I guess things are what you make of them.
I spent this weekend at the Electric Picnic which, like many other similar festivals (including my beloved Roskilde), had a lot of hype about greenness and eco-this-and-that.
On the way we scoffed at the so-called greenness of festivals like this.
How could there possibly be anything "green" about getting 30000 people to drive for hours to and from a temporary civilization consisting of diesel-powered light and sound systems, disposable tents made out of petroleum filled with petroleum mattresses, and potties made out of petroleum and filled with chemicals strong enought to neutralize the stench of 100000 poos?
But hey, the food stalls used biodegradable plates!
But, cynicism aside, there was actually a fair amount of education, green and otherwise, going on.
There were interesting booths where you could read about bicycle clubs and environmental issues. Amnesty and Oxfam both had a strong presence. There were lectures and workshops and little skits to make people think.
I spent almost about as much time at this festival doing things and learning things as I did at concerts.
I spent over 2 hours in a little tent watching anarcho-hippy-leftist propaganda about factory farming (The Meatrix), eco-villages, the history of oil, how to plan for the collapse of our civilization and other fun things like that.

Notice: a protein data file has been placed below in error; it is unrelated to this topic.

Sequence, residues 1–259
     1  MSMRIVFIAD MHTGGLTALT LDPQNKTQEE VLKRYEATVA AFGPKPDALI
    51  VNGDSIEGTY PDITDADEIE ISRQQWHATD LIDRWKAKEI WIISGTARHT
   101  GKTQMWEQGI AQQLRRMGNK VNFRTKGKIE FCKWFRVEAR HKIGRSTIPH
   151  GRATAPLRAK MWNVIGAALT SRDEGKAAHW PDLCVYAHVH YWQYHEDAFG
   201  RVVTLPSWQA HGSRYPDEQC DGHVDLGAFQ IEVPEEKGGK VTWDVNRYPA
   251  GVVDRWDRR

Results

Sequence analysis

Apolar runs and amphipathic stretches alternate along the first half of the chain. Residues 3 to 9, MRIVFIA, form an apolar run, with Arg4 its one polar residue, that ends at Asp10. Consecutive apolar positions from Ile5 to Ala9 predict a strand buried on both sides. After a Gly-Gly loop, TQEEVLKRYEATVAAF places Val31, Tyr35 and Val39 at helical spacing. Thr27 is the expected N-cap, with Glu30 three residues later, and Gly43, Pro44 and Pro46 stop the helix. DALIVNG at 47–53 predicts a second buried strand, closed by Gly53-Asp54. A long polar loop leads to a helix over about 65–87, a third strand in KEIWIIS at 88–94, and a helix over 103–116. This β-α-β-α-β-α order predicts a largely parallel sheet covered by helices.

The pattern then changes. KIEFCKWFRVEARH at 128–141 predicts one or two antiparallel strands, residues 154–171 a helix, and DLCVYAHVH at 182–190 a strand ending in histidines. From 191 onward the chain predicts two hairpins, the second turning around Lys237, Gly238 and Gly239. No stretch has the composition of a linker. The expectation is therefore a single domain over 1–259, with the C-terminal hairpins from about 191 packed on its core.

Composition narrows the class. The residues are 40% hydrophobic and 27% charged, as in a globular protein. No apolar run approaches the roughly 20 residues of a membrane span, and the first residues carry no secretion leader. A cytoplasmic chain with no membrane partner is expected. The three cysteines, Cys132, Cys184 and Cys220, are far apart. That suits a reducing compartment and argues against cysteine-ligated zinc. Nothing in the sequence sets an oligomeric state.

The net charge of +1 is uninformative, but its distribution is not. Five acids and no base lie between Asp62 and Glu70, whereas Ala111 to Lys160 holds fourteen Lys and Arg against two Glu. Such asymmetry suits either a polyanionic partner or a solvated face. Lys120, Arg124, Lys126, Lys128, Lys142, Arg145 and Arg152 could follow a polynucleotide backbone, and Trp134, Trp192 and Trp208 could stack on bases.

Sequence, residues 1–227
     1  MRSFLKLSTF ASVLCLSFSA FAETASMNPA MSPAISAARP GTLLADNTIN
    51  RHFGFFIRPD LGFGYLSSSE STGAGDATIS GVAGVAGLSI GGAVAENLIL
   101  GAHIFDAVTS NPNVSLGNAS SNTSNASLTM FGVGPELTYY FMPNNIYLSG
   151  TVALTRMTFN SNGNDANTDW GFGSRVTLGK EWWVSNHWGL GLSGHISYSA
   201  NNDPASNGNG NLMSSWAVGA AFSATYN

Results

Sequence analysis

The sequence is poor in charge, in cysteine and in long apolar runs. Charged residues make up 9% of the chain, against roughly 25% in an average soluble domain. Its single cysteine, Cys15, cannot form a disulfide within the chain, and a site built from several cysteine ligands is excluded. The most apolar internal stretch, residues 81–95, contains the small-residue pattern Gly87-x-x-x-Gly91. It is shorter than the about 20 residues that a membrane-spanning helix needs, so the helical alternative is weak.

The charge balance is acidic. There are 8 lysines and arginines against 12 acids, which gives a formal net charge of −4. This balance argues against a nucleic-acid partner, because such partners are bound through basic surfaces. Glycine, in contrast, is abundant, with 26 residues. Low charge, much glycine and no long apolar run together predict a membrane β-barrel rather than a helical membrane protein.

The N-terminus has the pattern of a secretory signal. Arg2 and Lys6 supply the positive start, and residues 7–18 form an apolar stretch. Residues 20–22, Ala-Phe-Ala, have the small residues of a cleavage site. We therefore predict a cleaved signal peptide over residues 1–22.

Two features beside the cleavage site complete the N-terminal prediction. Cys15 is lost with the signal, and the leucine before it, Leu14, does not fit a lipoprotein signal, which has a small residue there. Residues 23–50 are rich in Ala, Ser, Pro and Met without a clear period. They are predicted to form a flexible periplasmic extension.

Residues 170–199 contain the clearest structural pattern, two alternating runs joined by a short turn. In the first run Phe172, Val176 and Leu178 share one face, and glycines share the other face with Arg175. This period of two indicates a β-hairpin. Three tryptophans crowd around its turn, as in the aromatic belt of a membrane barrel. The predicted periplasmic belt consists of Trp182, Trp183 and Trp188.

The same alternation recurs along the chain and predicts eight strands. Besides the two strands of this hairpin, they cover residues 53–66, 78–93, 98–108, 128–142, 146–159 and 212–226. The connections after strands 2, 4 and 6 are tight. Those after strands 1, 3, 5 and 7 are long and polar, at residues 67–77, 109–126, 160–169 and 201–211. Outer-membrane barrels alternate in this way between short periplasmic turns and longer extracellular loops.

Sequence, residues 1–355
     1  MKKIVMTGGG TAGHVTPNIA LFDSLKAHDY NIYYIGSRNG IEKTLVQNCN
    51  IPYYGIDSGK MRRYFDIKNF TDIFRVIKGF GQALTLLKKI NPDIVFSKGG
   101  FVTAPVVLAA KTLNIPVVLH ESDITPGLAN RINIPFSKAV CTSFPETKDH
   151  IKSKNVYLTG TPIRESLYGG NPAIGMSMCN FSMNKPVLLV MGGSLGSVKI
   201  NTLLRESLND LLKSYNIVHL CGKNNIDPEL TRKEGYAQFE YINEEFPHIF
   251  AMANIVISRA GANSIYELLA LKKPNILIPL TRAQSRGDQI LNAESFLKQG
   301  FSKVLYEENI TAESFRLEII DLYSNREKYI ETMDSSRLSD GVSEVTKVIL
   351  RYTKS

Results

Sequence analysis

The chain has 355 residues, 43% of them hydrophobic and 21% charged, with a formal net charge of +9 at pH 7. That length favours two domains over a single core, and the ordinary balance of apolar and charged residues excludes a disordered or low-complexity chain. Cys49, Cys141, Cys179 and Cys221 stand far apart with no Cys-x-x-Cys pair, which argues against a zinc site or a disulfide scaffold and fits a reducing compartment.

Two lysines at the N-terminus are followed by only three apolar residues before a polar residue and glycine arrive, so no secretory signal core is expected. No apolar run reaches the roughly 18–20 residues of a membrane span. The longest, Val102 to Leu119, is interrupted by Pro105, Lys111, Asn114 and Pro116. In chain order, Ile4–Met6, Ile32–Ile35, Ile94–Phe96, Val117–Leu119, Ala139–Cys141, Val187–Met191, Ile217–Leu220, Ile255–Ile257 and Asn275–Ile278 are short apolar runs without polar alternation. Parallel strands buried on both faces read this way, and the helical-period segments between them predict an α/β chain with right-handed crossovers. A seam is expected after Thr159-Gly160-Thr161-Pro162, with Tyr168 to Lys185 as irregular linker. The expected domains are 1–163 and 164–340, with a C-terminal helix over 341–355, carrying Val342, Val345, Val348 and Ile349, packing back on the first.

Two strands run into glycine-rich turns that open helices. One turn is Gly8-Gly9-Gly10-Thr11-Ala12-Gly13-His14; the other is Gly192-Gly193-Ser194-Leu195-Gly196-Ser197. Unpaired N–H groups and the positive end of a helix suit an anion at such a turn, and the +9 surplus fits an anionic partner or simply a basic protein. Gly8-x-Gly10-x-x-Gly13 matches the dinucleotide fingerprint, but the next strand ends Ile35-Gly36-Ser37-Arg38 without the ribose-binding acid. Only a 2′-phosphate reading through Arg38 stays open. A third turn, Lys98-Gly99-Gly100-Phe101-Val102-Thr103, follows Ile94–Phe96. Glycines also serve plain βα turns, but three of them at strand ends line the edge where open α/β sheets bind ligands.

It really made me think. I may make some minor lifestyle changes as a result; for one I'm seriously considering avoiding meat to a larger extent than I have to date. I don't think I'll ever go strictly vegetarian, but when given the option I'll choose free-range (or wild: seafood) and locally sourced products. If I don't have the option, I should probably choose veggies.
I also took an introductory capoeira class and plan to see if I can fit that into my schedule. While not obviously green, as I see it, anything which keeps me fit also keeps me out of hospitals and reduces my reliance on expensive drugs and polluting transportation. That makes it green to me.
If the Electric Picnic had the same effect on a reasonable fraction of the other festival-goers, then just maybe their so-called greenness is more than youth-pleasing hype.
And even if it didn't... well maybe after a few more festivals like this it will start to sink in.
Oh, and aside from all the green soul-searching, I also had loads of fun, as did most people I talked to.
For that matter, as modern holidays go, that one probably ranked near the top on the fun vs. carbon footprint scale. Compare it with 30000 people jetting back and forth to Iceland and suddenly it seems very green indeed.
Unfortunately, the festival now has me making exactly that comparison.
Comments are closed.